NEW DYE TO COMBAT DIESEL LAUNDERING The Northern Standard Thursday 2nd April p.1
New measures to tackle diesel laundering have been introduced on both sides of the border. From yesterday (Wednesday), a new, additional fuel marker for rebated fuel is being introduced following consultation with, and support from, the oil sector.
The illegal dumping of diesel laundering waste has been a huge problem in County Monaghan for over ten years. The hazardous waste has to be sent abroad for disposal. Monaghan County Council estimated the total costs incurred in its area because of diesel wash between 2004 and 2013 totalled over €2.14 million. Last year the clean-up cost was over €600,000 and this was reimbursed by the Department of Environment.
The Irish and British governments say the new fuel marker is now required in addition to the existing mineral oil markers. Producers and suppliers of rebated fuel must ensure that any supply of rebated fuel removed from the warehouse for home use contains the new mix of markers as set out in legislation in the different jurisdictions.
The Revenue Commissioners say action against the illegal use of marked fuel is an integral part of their wide-ranging programme of action against all forms of fuel fraud. An extensive range of new measures have been introduced over recent years to tackle fuel fraud, including enhanced supply chain controls and now the acquisition of a more effective fuel marker.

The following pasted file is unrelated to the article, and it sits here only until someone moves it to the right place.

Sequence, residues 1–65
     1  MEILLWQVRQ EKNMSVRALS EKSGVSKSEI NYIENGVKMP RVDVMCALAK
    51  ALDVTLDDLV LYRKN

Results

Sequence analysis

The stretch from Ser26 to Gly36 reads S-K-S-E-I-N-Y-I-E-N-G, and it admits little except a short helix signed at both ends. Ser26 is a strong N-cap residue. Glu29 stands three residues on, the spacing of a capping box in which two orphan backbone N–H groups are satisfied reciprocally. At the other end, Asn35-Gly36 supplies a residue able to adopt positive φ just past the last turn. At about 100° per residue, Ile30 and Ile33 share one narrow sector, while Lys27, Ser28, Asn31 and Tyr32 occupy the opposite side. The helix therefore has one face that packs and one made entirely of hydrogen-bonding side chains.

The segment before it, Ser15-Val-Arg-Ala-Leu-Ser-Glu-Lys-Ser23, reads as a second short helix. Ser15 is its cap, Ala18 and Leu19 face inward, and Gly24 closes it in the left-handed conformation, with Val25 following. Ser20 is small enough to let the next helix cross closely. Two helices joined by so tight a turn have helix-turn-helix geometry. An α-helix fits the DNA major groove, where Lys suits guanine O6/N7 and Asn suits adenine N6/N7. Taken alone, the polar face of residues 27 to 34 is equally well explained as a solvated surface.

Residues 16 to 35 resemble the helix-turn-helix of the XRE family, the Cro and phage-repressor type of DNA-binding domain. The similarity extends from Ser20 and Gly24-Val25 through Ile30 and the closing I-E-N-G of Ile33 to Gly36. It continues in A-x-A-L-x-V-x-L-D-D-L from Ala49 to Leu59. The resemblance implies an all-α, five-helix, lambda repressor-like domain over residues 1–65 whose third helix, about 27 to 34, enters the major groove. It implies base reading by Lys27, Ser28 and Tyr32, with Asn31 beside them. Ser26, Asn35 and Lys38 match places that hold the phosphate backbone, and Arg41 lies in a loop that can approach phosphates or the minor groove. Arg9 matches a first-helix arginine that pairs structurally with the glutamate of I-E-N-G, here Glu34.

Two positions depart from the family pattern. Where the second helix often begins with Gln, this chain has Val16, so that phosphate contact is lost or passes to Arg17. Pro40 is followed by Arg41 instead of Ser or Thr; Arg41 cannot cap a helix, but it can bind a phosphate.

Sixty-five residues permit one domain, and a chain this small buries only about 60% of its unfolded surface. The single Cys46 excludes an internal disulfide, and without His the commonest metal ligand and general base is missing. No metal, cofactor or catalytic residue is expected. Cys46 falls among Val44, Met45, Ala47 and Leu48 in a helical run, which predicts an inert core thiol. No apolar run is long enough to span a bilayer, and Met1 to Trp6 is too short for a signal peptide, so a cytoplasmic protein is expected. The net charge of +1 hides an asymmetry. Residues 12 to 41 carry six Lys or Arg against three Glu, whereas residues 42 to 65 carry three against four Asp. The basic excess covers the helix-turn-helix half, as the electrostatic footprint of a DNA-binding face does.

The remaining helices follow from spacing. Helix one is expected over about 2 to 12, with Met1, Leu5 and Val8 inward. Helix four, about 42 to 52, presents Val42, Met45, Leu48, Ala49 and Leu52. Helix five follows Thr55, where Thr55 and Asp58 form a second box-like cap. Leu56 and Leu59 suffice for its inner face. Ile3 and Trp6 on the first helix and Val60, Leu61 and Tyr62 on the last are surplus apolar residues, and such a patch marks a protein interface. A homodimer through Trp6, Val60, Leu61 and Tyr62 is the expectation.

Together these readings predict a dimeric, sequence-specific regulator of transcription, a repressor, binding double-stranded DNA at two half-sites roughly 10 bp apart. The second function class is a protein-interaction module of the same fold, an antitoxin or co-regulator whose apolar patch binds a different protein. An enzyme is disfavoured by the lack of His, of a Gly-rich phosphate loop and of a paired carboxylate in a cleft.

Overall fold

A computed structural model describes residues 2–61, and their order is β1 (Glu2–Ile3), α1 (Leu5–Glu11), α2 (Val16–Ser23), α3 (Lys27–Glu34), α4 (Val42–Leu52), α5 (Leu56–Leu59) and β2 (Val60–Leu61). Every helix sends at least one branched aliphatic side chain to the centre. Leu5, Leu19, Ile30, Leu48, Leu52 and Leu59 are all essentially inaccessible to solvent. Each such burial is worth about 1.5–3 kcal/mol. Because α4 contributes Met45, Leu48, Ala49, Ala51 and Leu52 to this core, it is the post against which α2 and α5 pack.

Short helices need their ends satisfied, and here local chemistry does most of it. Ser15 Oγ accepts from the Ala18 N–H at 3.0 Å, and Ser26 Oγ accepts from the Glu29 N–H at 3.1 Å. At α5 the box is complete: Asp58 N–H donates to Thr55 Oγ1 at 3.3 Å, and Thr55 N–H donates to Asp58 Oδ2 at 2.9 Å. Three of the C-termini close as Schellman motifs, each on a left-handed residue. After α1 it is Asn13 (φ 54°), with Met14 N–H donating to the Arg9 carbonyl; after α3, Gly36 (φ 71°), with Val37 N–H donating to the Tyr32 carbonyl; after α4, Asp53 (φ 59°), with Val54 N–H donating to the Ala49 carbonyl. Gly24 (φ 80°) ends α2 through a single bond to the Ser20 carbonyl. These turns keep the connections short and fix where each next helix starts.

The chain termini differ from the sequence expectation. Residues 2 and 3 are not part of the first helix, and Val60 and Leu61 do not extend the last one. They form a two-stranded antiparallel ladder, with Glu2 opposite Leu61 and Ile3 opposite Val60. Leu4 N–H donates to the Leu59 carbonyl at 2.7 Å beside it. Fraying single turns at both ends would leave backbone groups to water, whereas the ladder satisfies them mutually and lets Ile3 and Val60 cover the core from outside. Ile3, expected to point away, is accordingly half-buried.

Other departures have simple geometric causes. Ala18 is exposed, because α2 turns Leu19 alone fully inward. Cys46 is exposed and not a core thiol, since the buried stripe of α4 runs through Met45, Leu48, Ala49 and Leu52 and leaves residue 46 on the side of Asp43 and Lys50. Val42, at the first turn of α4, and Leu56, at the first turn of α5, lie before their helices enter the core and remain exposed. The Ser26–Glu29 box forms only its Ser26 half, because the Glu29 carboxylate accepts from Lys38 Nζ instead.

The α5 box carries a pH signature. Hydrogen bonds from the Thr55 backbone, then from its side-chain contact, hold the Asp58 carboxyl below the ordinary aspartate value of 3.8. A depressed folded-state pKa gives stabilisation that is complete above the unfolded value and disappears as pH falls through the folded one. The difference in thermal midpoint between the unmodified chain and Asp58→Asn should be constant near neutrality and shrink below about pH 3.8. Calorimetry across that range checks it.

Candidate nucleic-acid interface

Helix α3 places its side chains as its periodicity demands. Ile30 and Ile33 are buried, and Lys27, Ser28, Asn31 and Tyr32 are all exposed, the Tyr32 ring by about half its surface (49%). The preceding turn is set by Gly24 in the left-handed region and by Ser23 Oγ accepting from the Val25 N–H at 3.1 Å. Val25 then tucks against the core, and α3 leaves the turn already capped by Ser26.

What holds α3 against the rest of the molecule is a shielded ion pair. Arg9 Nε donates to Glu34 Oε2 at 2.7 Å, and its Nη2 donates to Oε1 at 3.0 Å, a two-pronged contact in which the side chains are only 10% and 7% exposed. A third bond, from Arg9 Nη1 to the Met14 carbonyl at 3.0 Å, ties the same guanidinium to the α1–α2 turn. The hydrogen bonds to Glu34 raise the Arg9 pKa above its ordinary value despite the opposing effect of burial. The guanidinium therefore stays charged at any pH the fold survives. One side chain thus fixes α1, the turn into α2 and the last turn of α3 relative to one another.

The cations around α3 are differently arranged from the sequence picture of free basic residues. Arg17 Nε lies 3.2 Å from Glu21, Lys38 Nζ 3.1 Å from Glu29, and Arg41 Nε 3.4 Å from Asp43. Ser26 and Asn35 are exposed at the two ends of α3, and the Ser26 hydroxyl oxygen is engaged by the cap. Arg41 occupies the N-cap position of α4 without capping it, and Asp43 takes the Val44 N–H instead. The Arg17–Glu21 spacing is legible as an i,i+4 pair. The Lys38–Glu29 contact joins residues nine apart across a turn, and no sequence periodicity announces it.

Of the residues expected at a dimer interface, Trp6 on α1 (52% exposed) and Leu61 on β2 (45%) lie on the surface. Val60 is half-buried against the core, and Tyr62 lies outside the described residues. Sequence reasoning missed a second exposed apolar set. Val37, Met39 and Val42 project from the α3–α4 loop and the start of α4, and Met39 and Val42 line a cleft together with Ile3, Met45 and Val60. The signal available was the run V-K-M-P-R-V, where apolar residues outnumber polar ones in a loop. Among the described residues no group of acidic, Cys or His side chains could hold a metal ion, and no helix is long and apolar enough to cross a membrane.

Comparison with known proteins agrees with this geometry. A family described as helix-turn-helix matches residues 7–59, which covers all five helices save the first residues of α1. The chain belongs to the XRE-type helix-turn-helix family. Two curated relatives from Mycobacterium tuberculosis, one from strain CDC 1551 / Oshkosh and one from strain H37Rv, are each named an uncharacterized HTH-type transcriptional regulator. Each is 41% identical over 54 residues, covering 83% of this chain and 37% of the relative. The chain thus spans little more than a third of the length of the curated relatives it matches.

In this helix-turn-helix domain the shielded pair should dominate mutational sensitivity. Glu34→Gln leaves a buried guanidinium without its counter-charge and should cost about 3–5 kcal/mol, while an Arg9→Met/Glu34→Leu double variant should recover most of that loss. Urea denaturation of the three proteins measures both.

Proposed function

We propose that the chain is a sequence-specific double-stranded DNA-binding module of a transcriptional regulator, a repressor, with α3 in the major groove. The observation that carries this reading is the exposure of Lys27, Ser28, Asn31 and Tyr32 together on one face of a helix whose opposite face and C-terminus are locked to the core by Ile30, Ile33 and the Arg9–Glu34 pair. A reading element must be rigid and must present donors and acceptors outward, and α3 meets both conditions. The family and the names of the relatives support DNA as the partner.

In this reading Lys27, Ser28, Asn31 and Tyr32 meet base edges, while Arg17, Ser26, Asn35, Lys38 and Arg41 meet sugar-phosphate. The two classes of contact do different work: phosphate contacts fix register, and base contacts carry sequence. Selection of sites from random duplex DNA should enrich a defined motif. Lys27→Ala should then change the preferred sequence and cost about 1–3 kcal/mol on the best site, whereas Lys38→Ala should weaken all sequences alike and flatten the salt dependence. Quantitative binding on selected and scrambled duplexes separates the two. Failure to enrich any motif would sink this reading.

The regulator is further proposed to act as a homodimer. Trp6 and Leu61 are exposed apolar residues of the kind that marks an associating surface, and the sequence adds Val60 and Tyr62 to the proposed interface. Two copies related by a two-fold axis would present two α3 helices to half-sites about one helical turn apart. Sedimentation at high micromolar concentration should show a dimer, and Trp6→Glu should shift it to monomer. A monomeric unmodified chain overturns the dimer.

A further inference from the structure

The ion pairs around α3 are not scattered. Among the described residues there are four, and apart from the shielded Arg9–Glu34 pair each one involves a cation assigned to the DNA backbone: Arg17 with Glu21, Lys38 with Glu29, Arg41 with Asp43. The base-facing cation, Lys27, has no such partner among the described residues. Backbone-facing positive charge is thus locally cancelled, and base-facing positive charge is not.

This marker will help both the Revenue Commissioners and the British Revenue and Customs (HMRC) to tackle the criminal market in off-road diesel, marked with a green dye in Ireland and a red dye in the UK, and also kerosene primarily used for heating oil. Excise duty on rebated diesel is charged at a lower rate than standard fuel duty.
Launderers primarily target red or green diesel, filtering it through chemicals or acids to remove the government marker. The chemicals and acids remain in the fuel and damage fuel pumps in diesel cars.
The new marker is produced by The Dow Chemical Company and is intended to make rebated fuel much harder for fraudsters to remove the dye and to sell on at a profit. Rebated fuel use is strictly limited to specific circumstances, primarily in agriculture, construction and heating.
The new marker does not have any colour and is added in addition to the current markers. There will be no change of colour. Specialised equipment is required to confirm the presence of the new marker.
The exact formation of the new marker is secret, but it only consists of carbon, hydrogen and oxygen. It does not contain any halogens or metals. The manufacturer expects it to be fully compatible with all fuels containing ethanol or biodiesel. It is not expected to affect engine emissions.